In this report, we examine the potential for policy interventions and innovative technologies to mitigate building emissions, support carbon neutrality measures and facilitate green initiatives.
Our modern world depends on buildings and increasingly on smart buildings. However, the world’s millions of buildings are among the main contributors to harmful emissions and climate change.
Construction and operation of buildings “account for 36 per cent of global energy use and 39 per cent of energy and process-related carbon dioxide emissions,” according to the United Nations Environment Program (UNEP).
In Europe, buildings consume more energy and emit more carbon dioxide than any other economic sector.
"An estimated 75% of Europe’s current building stock is considered energy inefficient.“
The UN Intergovernmental Panel on Climate Change (IPCC) estimates that to “keep the global temperature rise to 1.5°C compared to pre-industrial times and limit the negative impacts of climate change, the world needs to rapidly cut its emissions of climate-warming greenhouse gases (GHG) to achieve netzero emissions of CO2 by 2050”.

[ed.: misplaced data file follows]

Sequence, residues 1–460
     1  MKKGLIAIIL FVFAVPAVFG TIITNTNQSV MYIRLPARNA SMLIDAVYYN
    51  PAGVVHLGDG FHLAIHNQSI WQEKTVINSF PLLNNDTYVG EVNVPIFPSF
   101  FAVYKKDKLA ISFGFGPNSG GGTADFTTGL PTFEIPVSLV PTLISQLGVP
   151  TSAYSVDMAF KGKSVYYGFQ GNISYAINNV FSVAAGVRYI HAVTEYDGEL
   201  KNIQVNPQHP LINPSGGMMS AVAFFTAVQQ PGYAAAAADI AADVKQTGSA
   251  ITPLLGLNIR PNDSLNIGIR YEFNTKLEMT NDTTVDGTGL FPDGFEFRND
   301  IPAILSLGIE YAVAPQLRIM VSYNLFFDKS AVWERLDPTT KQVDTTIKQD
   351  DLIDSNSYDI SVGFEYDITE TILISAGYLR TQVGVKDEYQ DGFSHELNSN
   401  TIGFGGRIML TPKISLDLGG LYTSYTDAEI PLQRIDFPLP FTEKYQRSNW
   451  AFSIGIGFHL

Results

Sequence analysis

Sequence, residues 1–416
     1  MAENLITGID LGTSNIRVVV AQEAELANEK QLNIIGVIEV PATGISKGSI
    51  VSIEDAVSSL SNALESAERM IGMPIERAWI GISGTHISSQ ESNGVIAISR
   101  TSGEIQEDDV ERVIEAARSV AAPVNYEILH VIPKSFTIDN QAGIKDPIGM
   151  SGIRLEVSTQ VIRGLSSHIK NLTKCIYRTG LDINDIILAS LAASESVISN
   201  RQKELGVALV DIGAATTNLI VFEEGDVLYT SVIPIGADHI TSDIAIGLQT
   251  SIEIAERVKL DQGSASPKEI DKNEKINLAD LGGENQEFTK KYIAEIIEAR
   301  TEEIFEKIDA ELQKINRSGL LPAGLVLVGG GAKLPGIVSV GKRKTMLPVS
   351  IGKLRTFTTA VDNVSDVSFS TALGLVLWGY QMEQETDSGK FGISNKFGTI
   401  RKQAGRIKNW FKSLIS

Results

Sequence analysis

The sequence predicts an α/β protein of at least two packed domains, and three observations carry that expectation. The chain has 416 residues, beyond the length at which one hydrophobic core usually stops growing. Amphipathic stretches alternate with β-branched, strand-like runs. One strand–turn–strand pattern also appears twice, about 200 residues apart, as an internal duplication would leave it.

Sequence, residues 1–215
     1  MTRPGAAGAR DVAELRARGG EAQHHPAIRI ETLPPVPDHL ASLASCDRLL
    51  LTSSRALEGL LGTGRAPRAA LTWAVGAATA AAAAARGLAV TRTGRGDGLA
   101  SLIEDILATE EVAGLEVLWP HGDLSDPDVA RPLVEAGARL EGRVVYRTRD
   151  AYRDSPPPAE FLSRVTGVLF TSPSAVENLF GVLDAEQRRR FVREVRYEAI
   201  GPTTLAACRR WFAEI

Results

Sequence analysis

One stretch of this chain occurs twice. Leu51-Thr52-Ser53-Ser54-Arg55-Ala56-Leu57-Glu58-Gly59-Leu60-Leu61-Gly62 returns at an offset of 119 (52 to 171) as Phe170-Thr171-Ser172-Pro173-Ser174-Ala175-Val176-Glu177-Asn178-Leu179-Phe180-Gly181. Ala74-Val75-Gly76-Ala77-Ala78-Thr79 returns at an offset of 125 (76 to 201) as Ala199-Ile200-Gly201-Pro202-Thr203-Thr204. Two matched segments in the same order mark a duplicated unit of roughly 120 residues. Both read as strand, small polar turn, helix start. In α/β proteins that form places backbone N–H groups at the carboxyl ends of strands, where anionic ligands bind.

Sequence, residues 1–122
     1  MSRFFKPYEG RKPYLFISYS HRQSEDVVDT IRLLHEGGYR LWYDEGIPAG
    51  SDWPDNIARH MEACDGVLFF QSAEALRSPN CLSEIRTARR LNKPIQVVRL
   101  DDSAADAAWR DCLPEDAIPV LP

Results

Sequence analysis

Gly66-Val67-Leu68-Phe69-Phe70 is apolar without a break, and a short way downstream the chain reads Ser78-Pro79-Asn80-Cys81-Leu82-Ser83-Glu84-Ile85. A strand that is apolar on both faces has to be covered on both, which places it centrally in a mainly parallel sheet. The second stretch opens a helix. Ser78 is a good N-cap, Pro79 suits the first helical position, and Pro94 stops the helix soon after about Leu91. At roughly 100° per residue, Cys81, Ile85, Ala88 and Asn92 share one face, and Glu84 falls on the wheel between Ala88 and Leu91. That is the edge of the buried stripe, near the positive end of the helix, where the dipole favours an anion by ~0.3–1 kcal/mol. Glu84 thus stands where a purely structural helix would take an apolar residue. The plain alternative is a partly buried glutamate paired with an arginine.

The transition to climate neutrality depends on smart buildings getting even smarter. The built environment must change. The process for designing and constructing new buildings must change. And existing buildings must be renovated at a much faster rate in this race against time.
In this trend report, we describe the potential for policy interventions and innovative technologies to mitigate building emissions, support carbon neutrality measures and facilitate green initiatives.
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